EDIT: davewill pointed out that in VB only functions return values. I've edited the code for clarity.

  • User profile image
    spivonious

    Dim Joe as Something

    creates this in memory

    Joe ->

    Dim Joe as New Something

    creates this is memory

    Joe -> instance of Something

    Dim Joe as Something
    Dim Fred as New Something
    Joe = Fred

    creates this:

    Joe -> instance of Something <- Fred

    Both references are pointing to the same instance.

  • User profile image
    davewill

    @kettch: one minor edit.  Subs don't return values in VB.

    Function GetGuy() as Guy
        Dim tempGuy as New Guy
        tempGuy.Name = "Fred"
        tempGuy.Age = 42
        tempGuy.IsAwesome = True
        return tempGuy
    end function

  • User profile image
    davewill

    Expanding on spivonious ...

     

    Dim Joe as Guy
    'Joe is nothing at this point
    
    Dim Fred as New Guy
    'Fred is something, a newly initialized Guy (blank name, 0 age, not awesome)
    
    Joe = Fred
    'Now Joe points to the same thing as Fred
    
    Joe = GetGuy()
    'Now Joe points to a new instance of Guy (a initialized 42 year old awesome guy named Fred)
    'Fred still points to his original initialized Guy (blank name, 0 age, not awesome)
    
    Function GetGuy() as Guy
        Dim tempGuy as New Guy
        tempGuy.Name = "Fred"
        tempGuy.Age = 42
        tempGuy.IsAwesome = True
        return tempGuy
    End Function
    
    
    Private Class Guy
      'Property syntax shortened for brevity
      Public Property Name() as String
      Public Property Age() as Integer
      Public Property IsAwesome() as Boolean
    End Class
    

  • User profile image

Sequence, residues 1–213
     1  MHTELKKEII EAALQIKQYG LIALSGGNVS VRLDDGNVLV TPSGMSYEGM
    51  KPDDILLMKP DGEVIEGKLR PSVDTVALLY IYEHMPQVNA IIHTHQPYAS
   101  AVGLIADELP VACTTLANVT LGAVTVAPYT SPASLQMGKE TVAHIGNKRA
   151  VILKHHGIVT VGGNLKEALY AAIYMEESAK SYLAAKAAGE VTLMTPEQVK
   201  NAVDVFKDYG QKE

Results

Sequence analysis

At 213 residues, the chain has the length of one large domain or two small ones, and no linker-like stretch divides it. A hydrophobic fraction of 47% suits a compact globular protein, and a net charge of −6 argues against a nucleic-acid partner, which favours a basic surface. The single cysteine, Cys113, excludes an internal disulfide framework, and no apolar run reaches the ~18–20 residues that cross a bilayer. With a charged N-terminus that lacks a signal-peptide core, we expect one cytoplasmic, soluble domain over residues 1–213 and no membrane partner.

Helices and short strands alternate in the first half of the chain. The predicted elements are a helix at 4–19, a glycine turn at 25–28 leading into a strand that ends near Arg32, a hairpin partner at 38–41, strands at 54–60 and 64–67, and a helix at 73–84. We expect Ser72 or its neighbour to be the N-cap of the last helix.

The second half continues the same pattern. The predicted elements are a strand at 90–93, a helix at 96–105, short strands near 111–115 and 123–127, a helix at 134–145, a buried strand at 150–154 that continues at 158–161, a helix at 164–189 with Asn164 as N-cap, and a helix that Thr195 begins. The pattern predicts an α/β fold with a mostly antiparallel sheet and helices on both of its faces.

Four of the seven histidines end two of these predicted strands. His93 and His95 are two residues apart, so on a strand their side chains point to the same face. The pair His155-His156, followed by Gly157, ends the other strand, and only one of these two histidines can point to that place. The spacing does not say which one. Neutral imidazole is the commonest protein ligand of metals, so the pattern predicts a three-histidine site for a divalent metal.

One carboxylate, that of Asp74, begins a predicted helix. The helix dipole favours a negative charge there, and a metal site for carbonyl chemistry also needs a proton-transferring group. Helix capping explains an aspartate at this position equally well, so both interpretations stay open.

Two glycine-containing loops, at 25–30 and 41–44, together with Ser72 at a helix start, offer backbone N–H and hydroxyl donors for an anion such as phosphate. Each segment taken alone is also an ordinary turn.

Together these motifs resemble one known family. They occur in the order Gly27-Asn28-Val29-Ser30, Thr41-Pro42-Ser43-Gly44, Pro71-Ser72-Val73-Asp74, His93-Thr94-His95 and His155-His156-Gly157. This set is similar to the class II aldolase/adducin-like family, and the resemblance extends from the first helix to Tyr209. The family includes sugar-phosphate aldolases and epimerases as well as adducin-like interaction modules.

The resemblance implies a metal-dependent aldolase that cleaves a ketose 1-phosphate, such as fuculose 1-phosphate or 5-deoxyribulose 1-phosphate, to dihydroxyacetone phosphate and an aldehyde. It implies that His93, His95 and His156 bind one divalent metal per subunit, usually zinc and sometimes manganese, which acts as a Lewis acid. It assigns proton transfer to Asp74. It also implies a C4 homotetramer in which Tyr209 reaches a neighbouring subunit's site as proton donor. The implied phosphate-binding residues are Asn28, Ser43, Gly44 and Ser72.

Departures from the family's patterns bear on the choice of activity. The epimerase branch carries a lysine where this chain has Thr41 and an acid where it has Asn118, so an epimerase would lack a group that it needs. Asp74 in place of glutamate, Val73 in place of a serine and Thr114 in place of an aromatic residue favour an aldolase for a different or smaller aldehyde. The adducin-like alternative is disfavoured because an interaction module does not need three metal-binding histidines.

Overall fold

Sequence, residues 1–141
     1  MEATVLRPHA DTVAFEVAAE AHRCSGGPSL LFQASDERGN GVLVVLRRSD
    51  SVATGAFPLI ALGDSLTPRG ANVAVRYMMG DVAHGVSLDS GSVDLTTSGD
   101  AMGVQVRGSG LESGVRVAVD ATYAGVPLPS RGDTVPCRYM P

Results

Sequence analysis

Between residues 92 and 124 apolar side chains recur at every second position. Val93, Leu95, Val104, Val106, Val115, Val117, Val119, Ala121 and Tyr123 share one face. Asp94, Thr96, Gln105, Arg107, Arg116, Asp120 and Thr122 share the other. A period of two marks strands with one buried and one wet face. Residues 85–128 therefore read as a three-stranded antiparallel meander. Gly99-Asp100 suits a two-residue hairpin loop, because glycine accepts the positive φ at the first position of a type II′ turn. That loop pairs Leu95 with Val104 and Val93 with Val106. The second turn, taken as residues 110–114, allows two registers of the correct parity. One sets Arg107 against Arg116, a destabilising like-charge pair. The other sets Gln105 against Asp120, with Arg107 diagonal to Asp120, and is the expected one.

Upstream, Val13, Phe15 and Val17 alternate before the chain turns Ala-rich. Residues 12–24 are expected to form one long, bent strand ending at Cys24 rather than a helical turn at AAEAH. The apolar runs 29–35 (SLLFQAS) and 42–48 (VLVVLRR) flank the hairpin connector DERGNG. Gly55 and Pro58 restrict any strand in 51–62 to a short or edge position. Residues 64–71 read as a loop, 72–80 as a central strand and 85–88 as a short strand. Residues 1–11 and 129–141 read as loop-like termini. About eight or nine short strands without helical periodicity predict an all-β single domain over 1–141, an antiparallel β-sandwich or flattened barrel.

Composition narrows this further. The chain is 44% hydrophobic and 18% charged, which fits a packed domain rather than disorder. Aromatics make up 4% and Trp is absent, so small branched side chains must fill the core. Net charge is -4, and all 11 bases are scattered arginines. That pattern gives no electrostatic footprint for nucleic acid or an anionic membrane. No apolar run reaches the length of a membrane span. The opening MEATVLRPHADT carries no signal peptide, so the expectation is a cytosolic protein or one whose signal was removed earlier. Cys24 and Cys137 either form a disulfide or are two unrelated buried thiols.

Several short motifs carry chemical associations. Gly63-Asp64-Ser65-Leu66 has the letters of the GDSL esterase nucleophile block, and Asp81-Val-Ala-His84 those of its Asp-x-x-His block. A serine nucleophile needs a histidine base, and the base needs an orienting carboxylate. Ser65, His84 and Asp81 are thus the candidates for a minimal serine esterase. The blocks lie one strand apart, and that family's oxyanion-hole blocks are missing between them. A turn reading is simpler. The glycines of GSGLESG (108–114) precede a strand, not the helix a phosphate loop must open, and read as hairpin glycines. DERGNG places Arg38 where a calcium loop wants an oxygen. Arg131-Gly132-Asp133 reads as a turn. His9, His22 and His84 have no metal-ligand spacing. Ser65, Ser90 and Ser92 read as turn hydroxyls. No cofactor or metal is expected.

kettch

    ,davewill wrote

    @kettch: one minor edit.  Subs don't return values in VB.

    1
    2
    3
    4
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    6
    7
    Function GetGuy() as Guy
        DimtempGuy asNew Guy
        tempGuy.Name ="Fred"
        tempGuy.Age = 42
        tempGuy.IsAwesome =True
        return tempGuy
    end function

    Hah! You caught me. I've been working in c# for so long that the context switch defeated me.

  • User profile image
    davewill

    @kettch: nah!  i could tell you wrote it quick in a text editor.  mainly didn't want to OP to get off track.

  • User profile image
    kettch

    @davewill: It was hard enough too keep the semicolons out of there. Tongue Out

    Take a look at line two of the code in my quote of your comment. Does it look like the forum stripped out some spaces? I've seen that in other posts in the past few days, where a comment has had random spaces removed. Weird.

  • User profile image
    davewill

    @kettch: sure enough.  that's odd.  even odder that the human brain can subconsciously compensate.  i didn't even notice that until you pointed it out.

  • User profile image
    kettch

    ,davewill wrote

    @kettch: sure enough.  that's odd.  even odder that the human brain can subconsciously compensate.  i didn't even notice that until you pointed it out.

    I just went through the last few threads I've participated in, and the only quote boxes that have this problems are instances where people have quoted somethingI said.

    Curiouser and curiouser...

  • User profile image
    kettch

    ,kettch wrote

    *snip*

    I just went through the last few threads I've participated in, and the only quote boxes that have this problems are instances where people have quoted somethingI said.

    Curiouser and curiouser...

    Yargh! When I hit edit, there is definitely a space between "something" and "I"

  • User profile image
    PerfectPhase

    At times like this I like to fall back on this http://www.youtube.com/watch?v=6pmWojisM_E